Headland Elementary School’s fourth-grade students participated in a field trip last week. However, this field trip was very different from most.
Students filled the buses, not to visit the pumpkin patch or petting zoo, but to study how the environment affects the water supply through the Alabama Math, Science and Technology Initiative Program (AMSTI).
“Headland Elementary School is part of the AMSTI Program,” said Dennis Adams, AMSTI science specialist. “Today, these students will participate in several steps which will allow them to see first-hand how the environment and the water sources are connected.”
Students in attendance were divided into groups. Each group performed several tests, such as measuring the turbidity/temperature of the air and water, the GPS/compass test, measuring the distance from the shore to the water line and taking notes of the cloud coverage.
“This program has several benefits,” said Lynn Vaughn, AMSTI research specialist for the state of Alabama. “This particular exercise will allow students to see first-hand how much water is located in the area. They can also see how, over time, depending on the rain source, how the water has affected the shore line. They also learn how they take care of the environment and how others take care of the environment affects the water source and what lives in the water. Then, at the end of the tests and the exercise is completed, the results from the water site located here at the Wiregrass Substation will then be entered into a global data base.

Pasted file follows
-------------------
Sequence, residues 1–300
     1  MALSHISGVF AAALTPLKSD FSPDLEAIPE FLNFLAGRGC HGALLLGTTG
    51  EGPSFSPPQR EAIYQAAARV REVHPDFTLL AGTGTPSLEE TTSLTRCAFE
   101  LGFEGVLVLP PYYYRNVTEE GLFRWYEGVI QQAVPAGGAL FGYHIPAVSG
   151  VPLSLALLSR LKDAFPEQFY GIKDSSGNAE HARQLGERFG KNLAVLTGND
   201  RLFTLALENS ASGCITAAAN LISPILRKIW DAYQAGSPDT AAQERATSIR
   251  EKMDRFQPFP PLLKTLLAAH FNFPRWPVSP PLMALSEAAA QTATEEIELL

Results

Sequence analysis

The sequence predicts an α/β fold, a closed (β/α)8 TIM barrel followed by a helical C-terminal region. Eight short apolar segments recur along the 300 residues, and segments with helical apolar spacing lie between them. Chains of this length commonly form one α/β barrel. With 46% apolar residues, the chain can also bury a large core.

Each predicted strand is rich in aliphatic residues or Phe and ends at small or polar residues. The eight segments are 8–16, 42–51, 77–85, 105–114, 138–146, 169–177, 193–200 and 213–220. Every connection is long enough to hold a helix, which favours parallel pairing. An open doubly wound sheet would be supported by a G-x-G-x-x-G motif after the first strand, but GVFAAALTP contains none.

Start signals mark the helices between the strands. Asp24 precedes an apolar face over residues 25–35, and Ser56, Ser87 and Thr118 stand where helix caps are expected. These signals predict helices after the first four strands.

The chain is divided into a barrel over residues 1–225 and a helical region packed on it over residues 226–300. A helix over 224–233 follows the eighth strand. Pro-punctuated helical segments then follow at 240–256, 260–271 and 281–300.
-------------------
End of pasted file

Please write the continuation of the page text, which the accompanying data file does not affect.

“It is an amazing exercise that benefits so many. We are all connected globally, and what affects one area will, overtime, affect another area. So, these students are learning how everything is connected by using their math and science skills. Hopefully, this exercise will also teach the students to understand and want to take better care of the land and water sources we have available.”
Once the results are calculated from the exercise performed on the water source located at the Wiregrass Substation, those results will be entered into the GLOBE.gov website. This will give more than 200 scientists access to the data across the world.
“This is a great program,” said Natalie Wright, HES teacher. “This program allows students to get a break from their everyday book learning and receive hands-on-experience learning. This program today allowed the students to put the pieces of the puzzle together. It really is amazing, and I believe every student who participated now has a better understanding how everything comes together.”
For more information on the programs available to schools who participate in the AMSTI Program, visit www.amsti.org.